“The move we’re seeing is away from rewards and towards a personalised relationship.”

Hutchings says the point of sale system should help keep track of it all: “Your point of sale system should allow your customers to accumulate and redeem loyalty points both in-store and online.”

As the customer’s buying history grows, he says, you will be able to use that data to build targeted marketing campaigns based on their preferences, brands, shopping patterns and more.

“This is really using the power of your point of sale system and getting a real quantifiable payback.”

Click and collect is a growing international trend that’s now offered by larger players like The Warehouse Group and Countdown. Research quoted by Retail Services’ Russell Sinclair earlier this year indicates bringing customers back in to the store to collect their online purchase can result in additional sales up to 23 percent of the value of the online sale.

Hutchings says getting click and collect right as a small business requires keeping an eagle eye on where your stock is sitting: “If somebody comes into the store and buys the last product, you want it to come off the website immediately.”

A good point of sale system should help you keep track of stock – including from the shop floor. Cloud-enabled mobile point of sale systems are increasingly favoured by premium international retailers like Apple, which has done away with the front counter altogether. Allowing staff to make financial transactions on the spot encourages them to mingle with customers and improves the customer experience.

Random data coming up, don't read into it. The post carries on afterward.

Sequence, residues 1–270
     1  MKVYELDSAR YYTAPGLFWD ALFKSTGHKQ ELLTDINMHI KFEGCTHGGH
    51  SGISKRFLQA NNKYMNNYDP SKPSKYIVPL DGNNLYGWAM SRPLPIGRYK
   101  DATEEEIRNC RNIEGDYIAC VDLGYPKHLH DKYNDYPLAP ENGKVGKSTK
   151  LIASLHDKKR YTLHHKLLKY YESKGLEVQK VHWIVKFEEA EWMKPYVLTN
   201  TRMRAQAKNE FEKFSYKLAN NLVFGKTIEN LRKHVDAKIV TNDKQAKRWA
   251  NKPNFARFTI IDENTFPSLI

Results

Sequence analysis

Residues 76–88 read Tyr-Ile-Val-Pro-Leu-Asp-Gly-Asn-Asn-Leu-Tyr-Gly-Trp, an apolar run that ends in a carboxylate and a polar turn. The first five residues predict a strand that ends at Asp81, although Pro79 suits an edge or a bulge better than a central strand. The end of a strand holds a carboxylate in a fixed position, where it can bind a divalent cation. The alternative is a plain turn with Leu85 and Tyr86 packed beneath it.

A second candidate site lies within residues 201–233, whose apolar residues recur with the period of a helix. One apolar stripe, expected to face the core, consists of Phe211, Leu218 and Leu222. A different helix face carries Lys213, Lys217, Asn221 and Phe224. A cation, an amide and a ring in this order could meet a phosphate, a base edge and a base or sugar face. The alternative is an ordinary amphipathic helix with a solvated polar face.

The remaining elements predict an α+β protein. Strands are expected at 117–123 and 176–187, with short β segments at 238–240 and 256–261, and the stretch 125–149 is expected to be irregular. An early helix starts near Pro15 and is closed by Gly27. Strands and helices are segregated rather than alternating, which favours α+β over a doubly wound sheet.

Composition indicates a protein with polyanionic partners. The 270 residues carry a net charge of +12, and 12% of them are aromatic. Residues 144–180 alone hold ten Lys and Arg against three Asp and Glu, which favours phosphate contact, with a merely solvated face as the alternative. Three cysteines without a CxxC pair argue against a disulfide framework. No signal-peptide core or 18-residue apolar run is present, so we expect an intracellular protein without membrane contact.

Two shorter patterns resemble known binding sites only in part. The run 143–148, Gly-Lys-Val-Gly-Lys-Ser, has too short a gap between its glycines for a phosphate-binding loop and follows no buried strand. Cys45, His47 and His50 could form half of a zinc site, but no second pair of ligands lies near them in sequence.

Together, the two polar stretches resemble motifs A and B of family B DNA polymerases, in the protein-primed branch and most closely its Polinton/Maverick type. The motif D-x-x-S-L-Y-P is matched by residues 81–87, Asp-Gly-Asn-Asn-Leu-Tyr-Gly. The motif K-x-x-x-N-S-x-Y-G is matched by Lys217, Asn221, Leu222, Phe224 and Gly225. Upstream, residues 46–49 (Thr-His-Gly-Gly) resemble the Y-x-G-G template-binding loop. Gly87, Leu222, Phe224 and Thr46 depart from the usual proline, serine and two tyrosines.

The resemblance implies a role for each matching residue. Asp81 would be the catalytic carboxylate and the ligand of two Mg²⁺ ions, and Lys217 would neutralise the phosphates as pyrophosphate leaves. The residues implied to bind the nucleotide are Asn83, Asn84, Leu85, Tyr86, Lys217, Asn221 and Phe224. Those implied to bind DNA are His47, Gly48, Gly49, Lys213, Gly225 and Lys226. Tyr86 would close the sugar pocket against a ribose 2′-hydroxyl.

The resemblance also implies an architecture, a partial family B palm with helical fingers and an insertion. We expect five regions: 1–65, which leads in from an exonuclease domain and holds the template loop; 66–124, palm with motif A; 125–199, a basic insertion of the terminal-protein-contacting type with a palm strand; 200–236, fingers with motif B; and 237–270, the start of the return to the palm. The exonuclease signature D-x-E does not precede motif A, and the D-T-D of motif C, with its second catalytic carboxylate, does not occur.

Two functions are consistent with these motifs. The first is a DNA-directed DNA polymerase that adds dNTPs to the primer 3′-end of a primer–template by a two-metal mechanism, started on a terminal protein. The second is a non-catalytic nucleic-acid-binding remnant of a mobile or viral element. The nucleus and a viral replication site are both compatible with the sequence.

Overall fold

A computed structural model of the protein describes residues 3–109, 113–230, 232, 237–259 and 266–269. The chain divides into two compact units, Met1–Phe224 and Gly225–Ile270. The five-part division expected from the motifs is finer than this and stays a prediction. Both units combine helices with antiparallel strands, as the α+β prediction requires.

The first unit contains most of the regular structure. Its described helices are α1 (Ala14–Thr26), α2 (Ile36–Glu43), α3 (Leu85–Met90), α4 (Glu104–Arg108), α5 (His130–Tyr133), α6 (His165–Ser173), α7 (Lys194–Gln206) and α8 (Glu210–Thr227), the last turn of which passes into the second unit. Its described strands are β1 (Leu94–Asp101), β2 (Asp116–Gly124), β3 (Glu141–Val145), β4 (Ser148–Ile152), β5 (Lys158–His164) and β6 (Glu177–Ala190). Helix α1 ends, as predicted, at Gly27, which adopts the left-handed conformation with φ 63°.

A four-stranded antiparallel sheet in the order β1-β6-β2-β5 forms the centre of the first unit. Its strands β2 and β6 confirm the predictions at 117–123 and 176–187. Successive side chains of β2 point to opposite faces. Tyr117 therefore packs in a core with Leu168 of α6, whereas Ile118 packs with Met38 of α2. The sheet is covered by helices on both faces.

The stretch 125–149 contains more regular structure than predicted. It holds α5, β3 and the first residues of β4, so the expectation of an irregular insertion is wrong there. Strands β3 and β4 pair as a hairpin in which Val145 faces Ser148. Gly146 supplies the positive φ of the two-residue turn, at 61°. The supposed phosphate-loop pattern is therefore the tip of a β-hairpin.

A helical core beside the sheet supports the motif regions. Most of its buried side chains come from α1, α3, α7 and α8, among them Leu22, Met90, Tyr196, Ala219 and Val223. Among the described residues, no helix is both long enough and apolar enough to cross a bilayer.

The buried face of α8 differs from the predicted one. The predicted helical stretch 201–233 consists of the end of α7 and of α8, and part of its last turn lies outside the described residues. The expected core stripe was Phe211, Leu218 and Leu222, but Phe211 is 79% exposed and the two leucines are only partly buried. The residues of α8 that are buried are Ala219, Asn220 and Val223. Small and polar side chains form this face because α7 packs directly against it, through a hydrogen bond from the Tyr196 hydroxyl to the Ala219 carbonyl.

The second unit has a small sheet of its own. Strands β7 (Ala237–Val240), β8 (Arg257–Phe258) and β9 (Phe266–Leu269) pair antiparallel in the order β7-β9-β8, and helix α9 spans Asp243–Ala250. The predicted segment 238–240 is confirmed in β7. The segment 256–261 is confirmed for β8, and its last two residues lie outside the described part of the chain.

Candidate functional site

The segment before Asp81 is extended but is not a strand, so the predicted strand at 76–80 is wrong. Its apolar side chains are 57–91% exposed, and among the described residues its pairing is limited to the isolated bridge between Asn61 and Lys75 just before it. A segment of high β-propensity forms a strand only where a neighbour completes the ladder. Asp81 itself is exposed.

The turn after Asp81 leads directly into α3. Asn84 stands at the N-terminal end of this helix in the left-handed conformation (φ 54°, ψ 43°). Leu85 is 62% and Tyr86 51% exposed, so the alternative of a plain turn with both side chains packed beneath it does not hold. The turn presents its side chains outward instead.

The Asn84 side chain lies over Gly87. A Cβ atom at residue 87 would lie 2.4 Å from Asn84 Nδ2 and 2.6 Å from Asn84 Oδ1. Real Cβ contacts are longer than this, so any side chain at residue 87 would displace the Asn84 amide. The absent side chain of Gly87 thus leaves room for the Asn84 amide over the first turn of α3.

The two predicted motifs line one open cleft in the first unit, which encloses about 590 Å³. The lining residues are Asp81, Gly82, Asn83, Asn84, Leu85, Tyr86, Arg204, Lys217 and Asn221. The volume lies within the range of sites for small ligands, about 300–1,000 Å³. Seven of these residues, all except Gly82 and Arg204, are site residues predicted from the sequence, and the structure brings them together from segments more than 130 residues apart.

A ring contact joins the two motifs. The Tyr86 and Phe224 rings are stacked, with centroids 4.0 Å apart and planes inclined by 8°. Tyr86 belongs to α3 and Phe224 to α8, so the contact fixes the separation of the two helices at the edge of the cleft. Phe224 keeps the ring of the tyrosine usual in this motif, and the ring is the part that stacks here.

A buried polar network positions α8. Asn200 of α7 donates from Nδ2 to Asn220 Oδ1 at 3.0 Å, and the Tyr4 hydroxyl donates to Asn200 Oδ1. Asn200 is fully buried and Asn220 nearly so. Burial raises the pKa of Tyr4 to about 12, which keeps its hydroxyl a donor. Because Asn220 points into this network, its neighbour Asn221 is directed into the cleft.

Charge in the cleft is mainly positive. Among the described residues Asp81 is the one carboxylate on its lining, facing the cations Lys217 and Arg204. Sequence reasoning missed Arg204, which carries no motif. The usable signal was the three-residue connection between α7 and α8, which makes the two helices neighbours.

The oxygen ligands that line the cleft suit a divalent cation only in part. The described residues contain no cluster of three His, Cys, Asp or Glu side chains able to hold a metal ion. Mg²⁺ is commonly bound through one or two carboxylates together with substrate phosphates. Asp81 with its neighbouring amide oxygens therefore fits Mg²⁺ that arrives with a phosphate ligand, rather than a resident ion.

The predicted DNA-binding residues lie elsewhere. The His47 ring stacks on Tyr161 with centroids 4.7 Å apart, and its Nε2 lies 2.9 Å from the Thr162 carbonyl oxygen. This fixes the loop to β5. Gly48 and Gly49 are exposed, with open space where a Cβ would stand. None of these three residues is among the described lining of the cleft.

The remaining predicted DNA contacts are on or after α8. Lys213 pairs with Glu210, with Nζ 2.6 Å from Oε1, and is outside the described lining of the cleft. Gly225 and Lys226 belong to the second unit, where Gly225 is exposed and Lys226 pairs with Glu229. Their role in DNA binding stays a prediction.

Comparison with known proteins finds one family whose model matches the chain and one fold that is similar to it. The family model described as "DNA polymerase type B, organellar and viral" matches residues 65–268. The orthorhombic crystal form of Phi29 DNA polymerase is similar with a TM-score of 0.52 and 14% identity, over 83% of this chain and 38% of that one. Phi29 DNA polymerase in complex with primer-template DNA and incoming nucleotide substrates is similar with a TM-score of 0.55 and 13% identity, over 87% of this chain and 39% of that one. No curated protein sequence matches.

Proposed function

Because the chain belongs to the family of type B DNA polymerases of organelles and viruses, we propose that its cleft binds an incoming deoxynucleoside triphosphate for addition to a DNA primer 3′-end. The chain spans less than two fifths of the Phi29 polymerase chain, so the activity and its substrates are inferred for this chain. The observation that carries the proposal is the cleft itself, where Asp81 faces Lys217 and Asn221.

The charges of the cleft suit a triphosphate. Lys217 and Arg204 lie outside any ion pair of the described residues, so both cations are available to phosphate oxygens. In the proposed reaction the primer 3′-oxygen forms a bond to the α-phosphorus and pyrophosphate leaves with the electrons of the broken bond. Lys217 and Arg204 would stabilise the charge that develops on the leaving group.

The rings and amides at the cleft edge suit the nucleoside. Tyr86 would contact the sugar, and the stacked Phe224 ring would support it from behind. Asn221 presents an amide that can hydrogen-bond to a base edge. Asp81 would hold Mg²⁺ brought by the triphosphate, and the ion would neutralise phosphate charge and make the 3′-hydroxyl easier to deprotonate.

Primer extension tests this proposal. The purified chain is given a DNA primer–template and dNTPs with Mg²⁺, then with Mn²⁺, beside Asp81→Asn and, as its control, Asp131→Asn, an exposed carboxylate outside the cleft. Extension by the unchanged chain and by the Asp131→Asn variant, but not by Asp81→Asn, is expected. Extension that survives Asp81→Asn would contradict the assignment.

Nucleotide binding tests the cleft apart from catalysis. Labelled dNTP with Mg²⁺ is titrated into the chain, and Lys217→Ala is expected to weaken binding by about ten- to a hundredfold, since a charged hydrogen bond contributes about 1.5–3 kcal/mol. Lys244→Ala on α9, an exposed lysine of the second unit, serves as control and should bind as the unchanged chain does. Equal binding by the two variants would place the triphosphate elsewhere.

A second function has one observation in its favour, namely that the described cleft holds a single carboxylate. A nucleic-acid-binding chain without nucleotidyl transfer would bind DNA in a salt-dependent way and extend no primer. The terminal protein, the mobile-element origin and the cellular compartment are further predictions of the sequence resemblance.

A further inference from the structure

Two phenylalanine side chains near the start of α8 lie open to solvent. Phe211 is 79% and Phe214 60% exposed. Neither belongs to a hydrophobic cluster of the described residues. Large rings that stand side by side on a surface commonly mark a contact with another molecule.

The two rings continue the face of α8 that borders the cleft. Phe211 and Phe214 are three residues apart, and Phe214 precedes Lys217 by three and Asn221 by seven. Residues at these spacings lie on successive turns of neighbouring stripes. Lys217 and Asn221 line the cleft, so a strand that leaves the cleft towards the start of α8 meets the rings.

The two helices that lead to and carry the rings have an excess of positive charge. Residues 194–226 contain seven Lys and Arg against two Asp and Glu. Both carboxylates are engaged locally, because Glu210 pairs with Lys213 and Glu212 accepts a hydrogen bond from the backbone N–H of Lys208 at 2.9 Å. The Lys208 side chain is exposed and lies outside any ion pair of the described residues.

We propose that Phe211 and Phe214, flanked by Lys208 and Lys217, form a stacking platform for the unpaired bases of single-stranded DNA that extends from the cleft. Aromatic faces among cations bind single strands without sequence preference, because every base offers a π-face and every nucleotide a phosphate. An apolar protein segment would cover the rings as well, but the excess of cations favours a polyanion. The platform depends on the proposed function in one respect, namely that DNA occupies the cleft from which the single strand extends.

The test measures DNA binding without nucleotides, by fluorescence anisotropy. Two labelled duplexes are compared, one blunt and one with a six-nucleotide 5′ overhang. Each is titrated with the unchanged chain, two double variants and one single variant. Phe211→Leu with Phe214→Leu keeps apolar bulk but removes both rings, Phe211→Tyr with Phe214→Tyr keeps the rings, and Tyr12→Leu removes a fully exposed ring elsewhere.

Hutchings says retailers should expect their point of sale system to be capable of this, and also give them instant access to stock and customer history information.

“Your daily sales statistics, stock on hand, staff productivity, shopper stats etc should all be instantly available across all mobile and desk devices.”

As with ecommerce, supplier support is crucial when it comes to point of sale systems. As the point of sale system is critical to transacting sales, it can’t be allowed to remain offline while the provider takes its time to respond to your complaint. Its support service needs to be reachable seven days a week.

“No, you don’t want to be emailed back with an answer tomorrow – you need an answer now,” Hutchings says.

He also warns retailers to be mindful of what the provider’s support agreement covers, as software, PCs, tablets, point of sale hardware, Eftpos and peripherals can all be involved.

“In your retail business, you embrace your customers and you should look to be treated in a similar way when you deal with your point of sale provider.”

Retailers should also have access to enhancements as part of their software as a service (SaaS) agreement or through a formal support contract.

If your chosen system is based on SaaS, you may be able to pay for it with a monthly fee or offered an outright purchase. Going with the purchase option on a lease-to-own basis over a term of 36 months may be the most economic option if your ambitions are long-term, says Hutchings.

When it comes to hardware, Hutchings says some customers prefer to buy peripherals like receipt printers, cash drawers and scanners as these can be expected to last more than five years. However, he advocates leasing most hardware, as it will likely be required to change with the advance of technology.

This story originally appeared in NZ Retail magazine issue 745 August/September 2016